The last of the original frogmen, the forerunners of Navy SEAL teams, was honored last week on the date of his 94th birthday among his family members and friends.
Bill Dawson, who grew up in Washington D.C., worked at the Washington Navy Shipyard in 1943 and enlisted in the U.S. Navy when he was just 17. Not long after, he found out about a specialized Navy unit that, as he put it, “got to blow things up.” After saying he didn’t quite know how to take that tidbit of information, he and another sailor decided to volunteer. But he almost didn’t even get a chance to attempt the training.
As the two reached the building where the volunteers assembled, they were told class was full, as there were 500 volunteers. Undeterred, Dawson and his buddy walked around the back of the building, climbed through an open window, and took their place in the end of the line. Class 1 of the famous volunteer frogmen now numbered 502.
Training whittled down the number of volunteers to just 52. And the toughness of the frogman course was every bit as challenging as the famed BUDS course for the SEALs is today: three–to–five mile runs in the sand, climbing over slippery, barnacle-encrusted rocks in the jetty, and the log PT. “I can still pick the splinters out of my arms today,” Dawson joked in an interview he conducted with the American Veterans Center.
The training was so difficult, it reduced the 17-year-old to tears at times. “I wanted to quit,” he recalled. But he kept going and persevered. The nonagenarian laughed and said the sand fleas and mosquitoes that were so plentiful at the frogmen’s training base kept him going.
But he graduated, and took his place among what the Navy called underwater demolition teams, later known as frogmen. They were also referred to as naval combat demolition units. These men were legendary for clearing beach obstacles to accommodate the countless amphibious landings the United States conducted in World War II. The casualty rate for the frogmen at Normandy on D-Day was 53 percent.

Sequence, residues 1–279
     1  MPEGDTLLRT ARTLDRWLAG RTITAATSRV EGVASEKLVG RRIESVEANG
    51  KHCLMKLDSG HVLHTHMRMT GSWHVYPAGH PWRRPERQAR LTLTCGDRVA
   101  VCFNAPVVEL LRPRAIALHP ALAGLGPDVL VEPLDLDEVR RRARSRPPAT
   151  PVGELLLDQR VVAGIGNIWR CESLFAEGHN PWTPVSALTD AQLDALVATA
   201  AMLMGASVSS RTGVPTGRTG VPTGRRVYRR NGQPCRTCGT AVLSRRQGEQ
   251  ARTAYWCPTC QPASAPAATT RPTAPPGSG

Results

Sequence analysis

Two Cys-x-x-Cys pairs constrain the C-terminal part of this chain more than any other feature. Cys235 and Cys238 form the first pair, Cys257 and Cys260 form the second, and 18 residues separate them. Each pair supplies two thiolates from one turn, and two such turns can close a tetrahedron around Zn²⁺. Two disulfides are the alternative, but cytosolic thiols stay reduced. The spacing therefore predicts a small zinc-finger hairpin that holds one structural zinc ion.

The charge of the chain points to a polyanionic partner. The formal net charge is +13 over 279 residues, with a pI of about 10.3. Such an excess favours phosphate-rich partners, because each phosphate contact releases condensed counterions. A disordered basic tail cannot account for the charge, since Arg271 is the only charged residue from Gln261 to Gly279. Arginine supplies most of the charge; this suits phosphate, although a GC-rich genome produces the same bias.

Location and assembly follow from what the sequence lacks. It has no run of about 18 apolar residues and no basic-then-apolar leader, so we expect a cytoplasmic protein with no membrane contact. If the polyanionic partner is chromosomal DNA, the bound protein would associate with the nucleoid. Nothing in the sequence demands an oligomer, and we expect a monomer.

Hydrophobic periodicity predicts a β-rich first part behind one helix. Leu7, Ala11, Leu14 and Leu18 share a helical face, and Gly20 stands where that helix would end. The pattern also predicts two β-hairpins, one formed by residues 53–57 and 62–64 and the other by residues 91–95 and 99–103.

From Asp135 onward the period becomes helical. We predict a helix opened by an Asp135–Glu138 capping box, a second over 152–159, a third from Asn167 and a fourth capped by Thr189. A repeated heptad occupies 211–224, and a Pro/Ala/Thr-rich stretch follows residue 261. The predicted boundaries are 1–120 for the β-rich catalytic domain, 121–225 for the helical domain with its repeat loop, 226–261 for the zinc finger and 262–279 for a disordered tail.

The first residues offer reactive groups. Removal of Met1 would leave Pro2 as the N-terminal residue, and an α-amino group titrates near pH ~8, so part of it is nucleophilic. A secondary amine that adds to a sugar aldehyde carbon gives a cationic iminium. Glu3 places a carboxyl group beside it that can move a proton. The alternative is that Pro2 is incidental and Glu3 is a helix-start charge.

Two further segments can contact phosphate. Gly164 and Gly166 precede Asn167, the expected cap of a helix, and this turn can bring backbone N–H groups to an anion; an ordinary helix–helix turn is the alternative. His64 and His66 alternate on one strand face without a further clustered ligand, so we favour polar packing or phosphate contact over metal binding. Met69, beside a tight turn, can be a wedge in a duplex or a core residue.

Dawson took part in several landings in the Pacific, helping the military clear beaches for infantry troops of the Army and Marines to get ashore and attack enemy installations. Dawson’s unit readied the beach for the return of General Douglas MacArthur to the Philippines. “We got ashore before he did,” Dawson remembered.
During his birthday celebration last week, Dawson took great pride in being the first group of sailors who paved the way for modern Navy SEALs. “Knowing what I helped start developed into what it is today. It’s one of the greatest outfits in the world,” he said.
After the war was over, Dawson joined the Washington D.C. Fire Department and served there for 25 years, retiring 45 years ago. Dawson was a founding member of the U.S. Navy SEAL Museum in Fort Pierce, Florida, and contributed many of the key exhibits there. Despite his age, Dawson remains active in supporting Naval Special Warfare history and heritage.
In 2015, Dawson wrote Before They Were SEALs They Were Frogs, a book about his time during World War II on the Navy’s first special operations team. Four years ago, at age 90, Dawson was honored at the BattleFrog Navy SEALs obstacle course race at Old Bridge Township Raceway Park in Englishtown, New Jersey.
Dawson’s American Veterans Center interview below is long, but it’s worth the time to hear the remembrances of a truly unique special warrior.
This article originally appeared on SpecialOperations.com.
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